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Israel, Palestinians agree on tax revenue transfer after spat over utility debts deduction

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RAMALLAH, West Bank — Palestinian President Mahmoud Abbas said Saturday that he has reached an agreement with Israel in which essential tax revenues it collects for the Palestinians will be transferred following a four-month freeze.

Abbas initially rejected Israel's unfreezing of the tax funds because it included a deduction to settle debts incurred by his Palestinian Authority, including for unpaid utility bills. Speaking to a gathering of Palestinians leaders, Abbas said that "There is an agreement; the money will be sent in full."

Israel typically collects taxes and customs on behalf of the Palestinians and then transfers the sums to Abbas. They account for 70 percent of the Palestinian Authority's revenue.

Israel froze the tax transfers as punishment in January, after the Palestinians applied to join the International Criminal Court — a step that could pave the way for possible war crimes charges against Israel.

Israeli Prime Minister Benjamin Netanyahu announced after his re-election last month that the transfers would resume as a humanitarian gesture. Palestinian officials said Israel owes the Palestinian Authority 1.8 billion shekels ($450 million) in frozen funds, but that Israel demanded to keep hundreds of millions of shekels for debt repayment.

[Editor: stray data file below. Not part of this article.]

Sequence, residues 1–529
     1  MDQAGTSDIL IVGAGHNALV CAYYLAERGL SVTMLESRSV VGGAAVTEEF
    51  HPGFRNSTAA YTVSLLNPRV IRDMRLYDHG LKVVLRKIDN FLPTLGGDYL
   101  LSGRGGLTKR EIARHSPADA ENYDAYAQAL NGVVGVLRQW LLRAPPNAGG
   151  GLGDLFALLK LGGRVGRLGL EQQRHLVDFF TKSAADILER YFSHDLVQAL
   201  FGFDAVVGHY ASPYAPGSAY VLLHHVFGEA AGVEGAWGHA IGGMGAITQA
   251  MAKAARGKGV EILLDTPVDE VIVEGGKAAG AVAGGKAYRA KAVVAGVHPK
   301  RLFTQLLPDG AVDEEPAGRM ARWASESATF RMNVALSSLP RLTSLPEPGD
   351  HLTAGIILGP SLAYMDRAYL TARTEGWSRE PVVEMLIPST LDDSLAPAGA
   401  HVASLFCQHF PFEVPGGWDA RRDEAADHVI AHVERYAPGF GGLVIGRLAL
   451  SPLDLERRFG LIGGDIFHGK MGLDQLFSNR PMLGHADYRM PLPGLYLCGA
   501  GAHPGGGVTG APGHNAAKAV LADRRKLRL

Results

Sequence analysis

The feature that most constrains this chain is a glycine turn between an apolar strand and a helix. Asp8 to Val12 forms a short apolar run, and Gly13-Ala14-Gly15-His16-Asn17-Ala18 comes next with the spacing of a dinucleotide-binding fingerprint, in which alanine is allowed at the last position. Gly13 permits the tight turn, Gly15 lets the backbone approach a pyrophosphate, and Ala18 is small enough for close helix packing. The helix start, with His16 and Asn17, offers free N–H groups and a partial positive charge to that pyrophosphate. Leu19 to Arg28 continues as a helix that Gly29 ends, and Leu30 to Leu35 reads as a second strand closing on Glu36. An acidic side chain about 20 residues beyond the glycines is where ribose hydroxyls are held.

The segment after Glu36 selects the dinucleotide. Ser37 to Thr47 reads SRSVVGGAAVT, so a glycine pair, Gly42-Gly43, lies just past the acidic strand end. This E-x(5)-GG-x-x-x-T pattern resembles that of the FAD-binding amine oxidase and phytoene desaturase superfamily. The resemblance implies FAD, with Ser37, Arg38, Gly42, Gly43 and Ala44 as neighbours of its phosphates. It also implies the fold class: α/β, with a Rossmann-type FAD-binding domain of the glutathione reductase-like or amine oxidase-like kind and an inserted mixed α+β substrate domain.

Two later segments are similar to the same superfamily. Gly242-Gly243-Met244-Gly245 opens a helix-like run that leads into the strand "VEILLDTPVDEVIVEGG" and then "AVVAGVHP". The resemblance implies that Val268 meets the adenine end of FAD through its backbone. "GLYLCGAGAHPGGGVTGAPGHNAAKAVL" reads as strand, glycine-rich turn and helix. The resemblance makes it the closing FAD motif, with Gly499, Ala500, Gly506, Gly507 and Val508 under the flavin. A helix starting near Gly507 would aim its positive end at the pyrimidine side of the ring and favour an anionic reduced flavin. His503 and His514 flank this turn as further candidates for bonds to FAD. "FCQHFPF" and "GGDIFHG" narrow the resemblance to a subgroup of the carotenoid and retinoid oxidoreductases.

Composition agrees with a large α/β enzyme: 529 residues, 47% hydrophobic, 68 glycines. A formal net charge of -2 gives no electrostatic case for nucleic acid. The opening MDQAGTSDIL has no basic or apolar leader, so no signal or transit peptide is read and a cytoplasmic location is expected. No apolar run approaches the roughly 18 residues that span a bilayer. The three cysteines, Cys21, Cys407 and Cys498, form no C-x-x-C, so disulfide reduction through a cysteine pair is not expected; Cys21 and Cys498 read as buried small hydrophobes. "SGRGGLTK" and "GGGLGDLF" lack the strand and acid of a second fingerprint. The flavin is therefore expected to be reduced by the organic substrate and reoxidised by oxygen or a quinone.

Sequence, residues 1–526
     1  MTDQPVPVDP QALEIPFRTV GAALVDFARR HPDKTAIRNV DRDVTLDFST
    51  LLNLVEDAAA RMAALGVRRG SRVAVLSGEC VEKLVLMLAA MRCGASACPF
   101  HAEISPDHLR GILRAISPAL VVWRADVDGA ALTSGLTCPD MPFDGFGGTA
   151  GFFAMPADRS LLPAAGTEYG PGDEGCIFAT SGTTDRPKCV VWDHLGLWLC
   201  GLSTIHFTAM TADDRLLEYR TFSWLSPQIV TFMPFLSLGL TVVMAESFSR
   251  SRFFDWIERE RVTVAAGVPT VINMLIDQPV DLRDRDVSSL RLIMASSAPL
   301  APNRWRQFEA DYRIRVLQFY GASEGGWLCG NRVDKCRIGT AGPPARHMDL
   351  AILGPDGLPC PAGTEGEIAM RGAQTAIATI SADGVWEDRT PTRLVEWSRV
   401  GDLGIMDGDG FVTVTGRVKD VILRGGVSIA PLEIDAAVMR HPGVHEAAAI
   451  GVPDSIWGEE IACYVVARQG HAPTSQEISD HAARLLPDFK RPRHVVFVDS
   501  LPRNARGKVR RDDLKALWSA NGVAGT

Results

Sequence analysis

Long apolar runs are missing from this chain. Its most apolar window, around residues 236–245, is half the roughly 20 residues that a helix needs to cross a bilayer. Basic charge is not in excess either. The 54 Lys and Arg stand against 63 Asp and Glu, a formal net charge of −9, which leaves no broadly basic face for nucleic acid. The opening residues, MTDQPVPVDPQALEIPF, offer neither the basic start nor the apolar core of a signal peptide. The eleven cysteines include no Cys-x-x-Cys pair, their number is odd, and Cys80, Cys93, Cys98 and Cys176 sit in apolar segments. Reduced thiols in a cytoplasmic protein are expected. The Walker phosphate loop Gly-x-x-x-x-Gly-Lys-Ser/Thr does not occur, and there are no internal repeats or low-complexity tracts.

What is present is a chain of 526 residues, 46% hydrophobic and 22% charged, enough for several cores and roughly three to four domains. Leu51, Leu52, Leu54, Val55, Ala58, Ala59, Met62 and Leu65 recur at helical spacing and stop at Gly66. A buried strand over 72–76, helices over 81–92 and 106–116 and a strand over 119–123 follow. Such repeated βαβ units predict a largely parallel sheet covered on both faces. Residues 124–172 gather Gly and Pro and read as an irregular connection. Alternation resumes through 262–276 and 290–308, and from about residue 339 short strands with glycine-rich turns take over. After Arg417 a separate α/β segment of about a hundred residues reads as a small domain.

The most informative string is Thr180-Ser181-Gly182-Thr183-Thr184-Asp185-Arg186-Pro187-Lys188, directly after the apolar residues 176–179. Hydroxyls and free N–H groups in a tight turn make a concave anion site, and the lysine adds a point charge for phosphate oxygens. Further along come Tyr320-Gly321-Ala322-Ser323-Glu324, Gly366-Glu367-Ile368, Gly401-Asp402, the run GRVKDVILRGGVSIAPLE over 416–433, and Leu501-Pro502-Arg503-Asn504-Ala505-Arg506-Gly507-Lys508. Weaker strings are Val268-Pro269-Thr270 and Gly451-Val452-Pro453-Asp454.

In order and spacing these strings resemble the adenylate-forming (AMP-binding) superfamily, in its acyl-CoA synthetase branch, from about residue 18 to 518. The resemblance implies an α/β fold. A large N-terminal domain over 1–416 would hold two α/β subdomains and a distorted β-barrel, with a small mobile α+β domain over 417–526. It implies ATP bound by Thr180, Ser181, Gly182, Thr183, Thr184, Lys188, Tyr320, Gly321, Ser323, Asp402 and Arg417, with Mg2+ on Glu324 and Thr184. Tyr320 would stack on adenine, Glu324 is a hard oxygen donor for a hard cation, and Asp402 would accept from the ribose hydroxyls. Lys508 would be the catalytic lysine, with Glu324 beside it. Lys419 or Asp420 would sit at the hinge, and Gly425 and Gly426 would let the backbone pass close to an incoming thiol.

Israel says that the Palestinians have racked up debts to Israel's electric company in excess of 2 billion shekels ($510 million) yet Israel has continued to provide electricity out of concern for the Palestinian population.

Nickolay Mladenov, the United Nations special coordinator for the Middle East peace process, welcomed the release of the tax revenues.

"Withholding these revenues for over four months has undermined the stability of the Palestinian institutions," he said. "This agreement is an important step in the right direction for both sides."

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